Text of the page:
Tertullian, one of the most well known and prolific of the Early Church writers, had much to say in his many treatises on the Christian faith. Perhaps most well known for his Apology – a fifty chapter defence of the faith addressed to the Emperor himself – Tertullian wrote at length on other issues. His extant corpus includes thirty-one works, with more lost writings known to us. He wrote on a range of issues impacting Christians in the ancient world, from remarriage to persecution and heretical movements. Though he did not write a specific work (that remains for us to read) on abortion, he makes several clear references to the practice. His treatment of the subject is particularly interesting because of his own personal development.

As Tertullian lived and wrote, there is a clear shift in his writings from what we might term an orthodox, Pauline position, to a more ‘Montanist’ perspective. Montanism was a heresy that developed in the second century. What exactly it looked like remains up for debate, but, known as the ‘New Prophesy’ it was famed for its ascetic approach to the Christian life. Whilst Tertullian’s embrace of this heresy is a contentious issue, there is nonetheless a clear progression in his own outlook. The scholar Geoffrey Dunn spoke of “Tertullian’s increasingly Montanist perspective” (2004, 6). My personal view (and one that I would happily discuss) is that Tertullian is, as Christine Trevett has argued “a Montanist by instinct” (1996, 68). By this Trevett means, and I would argue, Tertullian’s rigourist tendencies encouraged him towards the more ascetic, rigorous position of the Montanists.

This background is important. Tertullian’s thinking, whether he moved from a Pauline position to a Montanist one, or whether he simply entrenched further into his own extreme, rigourist tendencies, certainly developed. His stance on the remarriage of widows for example, became increasingly more forceful as his writings progressed. But on abortion? Tertullian maintained a consistent tone and approach. His most famous quote on the topic, from his famous Apology, dates to c.197 AD – early in his career. Other comments, from his treatise On the Soul, date to around 210 AD. Though his thinking on many issues developed from normative to what some may term ‘extreme’, on this (in modern times at least) contentious issue, Tertullian maintained a consistent line. His teaching was in line with a Pauline (and Biblical) outlook, and remained so.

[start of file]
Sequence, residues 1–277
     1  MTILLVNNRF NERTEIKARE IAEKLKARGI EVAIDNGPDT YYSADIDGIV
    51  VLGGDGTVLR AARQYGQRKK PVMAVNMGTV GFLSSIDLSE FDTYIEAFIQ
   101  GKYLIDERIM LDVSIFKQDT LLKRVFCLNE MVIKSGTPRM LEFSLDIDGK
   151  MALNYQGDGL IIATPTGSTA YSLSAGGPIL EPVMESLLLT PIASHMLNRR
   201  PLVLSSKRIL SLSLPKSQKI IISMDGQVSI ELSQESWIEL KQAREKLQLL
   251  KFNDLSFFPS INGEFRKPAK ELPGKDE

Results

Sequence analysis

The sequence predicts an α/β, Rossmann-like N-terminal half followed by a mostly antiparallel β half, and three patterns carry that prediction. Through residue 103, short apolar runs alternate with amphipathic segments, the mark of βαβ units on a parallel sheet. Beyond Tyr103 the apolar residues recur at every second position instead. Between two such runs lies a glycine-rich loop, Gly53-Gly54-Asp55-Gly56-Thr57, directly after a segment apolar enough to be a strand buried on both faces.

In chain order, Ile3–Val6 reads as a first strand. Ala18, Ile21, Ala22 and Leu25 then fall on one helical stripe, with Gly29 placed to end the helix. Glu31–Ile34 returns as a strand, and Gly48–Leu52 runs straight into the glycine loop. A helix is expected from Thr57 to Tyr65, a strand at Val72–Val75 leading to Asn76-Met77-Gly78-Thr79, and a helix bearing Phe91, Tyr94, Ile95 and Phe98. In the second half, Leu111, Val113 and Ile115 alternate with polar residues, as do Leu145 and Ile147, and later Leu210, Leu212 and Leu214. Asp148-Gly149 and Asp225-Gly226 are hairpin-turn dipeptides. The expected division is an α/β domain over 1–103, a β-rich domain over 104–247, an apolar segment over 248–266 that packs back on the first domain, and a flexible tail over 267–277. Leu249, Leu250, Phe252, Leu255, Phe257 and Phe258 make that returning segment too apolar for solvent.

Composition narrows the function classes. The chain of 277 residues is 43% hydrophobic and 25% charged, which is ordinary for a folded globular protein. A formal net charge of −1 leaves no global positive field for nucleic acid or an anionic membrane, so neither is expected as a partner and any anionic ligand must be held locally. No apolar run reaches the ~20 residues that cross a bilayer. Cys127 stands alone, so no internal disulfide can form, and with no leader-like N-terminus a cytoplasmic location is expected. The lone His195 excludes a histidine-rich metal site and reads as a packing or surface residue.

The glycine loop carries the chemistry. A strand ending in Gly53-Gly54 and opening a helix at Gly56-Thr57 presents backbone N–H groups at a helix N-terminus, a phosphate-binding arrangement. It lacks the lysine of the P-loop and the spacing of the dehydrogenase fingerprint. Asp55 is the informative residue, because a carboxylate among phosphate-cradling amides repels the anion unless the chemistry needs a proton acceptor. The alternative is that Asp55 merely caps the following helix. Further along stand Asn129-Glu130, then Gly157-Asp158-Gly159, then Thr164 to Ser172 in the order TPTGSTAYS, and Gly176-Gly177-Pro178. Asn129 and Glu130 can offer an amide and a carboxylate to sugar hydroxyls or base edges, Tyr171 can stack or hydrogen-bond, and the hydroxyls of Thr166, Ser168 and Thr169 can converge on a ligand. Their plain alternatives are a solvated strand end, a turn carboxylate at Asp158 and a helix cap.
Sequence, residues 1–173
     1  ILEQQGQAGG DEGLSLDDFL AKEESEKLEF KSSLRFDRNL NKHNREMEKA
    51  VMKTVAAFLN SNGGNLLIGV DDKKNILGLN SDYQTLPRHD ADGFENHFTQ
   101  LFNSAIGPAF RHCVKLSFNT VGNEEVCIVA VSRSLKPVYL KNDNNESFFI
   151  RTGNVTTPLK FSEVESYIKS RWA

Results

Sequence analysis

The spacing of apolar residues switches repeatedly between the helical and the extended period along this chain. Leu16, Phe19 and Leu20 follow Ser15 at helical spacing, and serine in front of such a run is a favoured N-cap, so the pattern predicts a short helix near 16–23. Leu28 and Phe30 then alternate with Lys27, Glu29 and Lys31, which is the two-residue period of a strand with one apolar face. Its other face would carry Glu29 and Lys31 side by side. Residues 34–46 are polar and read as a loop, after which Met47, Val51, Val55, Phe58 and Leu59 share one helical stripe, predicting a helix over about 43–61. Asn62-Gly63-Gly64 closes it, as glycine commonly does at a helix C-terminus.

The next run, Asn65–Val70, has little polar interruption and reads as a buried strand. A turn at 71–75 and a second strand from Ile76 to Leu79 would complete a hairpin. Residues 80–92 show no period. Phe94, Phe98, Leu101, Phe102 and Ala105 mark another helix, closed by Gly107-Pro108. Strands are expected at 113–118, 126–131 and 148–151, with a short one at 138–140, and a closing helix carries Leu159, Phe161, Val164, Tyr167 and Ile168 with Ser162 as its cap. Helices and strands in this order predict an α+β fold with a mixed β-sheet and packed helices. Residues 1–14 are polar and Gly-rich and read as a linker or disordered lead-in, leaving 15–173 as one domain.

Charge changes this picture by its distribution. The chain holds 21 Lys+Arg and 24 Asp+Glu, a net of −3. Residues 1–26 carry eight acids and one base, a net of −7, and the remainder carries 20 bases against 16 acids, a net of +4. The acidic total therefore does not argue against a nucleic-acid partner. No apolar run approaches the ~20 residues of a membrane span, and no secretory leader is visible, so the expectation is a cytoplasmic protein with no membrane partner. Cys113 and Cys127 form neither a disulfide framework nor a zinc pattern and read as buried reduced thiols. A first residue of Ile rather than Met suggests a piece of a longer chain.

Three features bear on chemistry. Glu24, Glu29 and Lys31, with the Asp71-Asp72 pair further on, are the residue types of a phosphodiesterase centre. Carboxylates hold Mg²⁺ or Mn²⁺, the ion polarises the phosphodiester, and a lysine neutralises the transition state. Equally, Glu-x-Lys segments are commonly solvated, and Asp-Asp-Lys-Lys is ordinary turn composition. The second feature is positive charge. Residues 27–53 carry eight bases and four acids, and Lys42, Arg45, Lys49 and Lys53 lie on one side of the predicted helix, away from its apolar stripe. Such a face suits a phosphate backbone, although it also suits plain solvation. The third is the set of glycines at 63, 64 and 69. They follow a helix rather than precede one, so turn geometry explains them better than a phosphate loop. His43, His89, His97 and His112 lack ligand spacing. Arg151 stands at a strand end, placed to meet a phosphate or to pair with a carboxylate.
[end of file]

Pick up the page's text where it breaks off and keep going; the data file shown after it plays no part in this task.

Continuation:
With this background established, let’s briefly look at his words on the subject.

The Apology

Perhaps the most quoted reference to an early, post-Apostolic Christian view on abortion comes from Tertullian’s Apology.

…we are not permitted, since murder has been prohibited to us once and for all, even to destroy the foetus in the womb… It makes no difference whether one destroys a life that has already been born or one that is in the process of birth.”

Tertullian, Apology 9.8

Tertullian is clear here: life is sacred, and the human babe, born or unborn, has as much a right to life as any man or woman. To kill even the foetus in the womb is murder. Tertullian writes these words in the context of defending the Christian faith against allegations of wrongdoing, moral depravity, and coercive evil. Early accusers against the new faith labelled Christians paedophiles, murderers and even cannibals. Tertullian refutes these claims strongly. They are slander, aimed at tarnishing the Church and making them out as worse even than common criminals. So Tertullian is clear on where the Christian stands. And in regards to murder? From the unborn babe to the aged adult, murder is always prohibited – “once and for all.”

On The Soul

Tertullian has a great deal more to say on this issue. He labels the instruments used to perform such procedures as…

“embruosphaktes [meaning] ‘the slayer of the infant,’ which of course was alive… the doctors all knew well enough that a living being had been conceived…”

Tertullian, On The Soul 25

To His Wife and On Modesty

“Burdens must be sought by us for ourselves which are avoided even by the majority of the Gentiles, who are compelled by laws, who are decimated by abortions; burdens which, finally, are to us most of all unsuitable, as being perilous to faith!”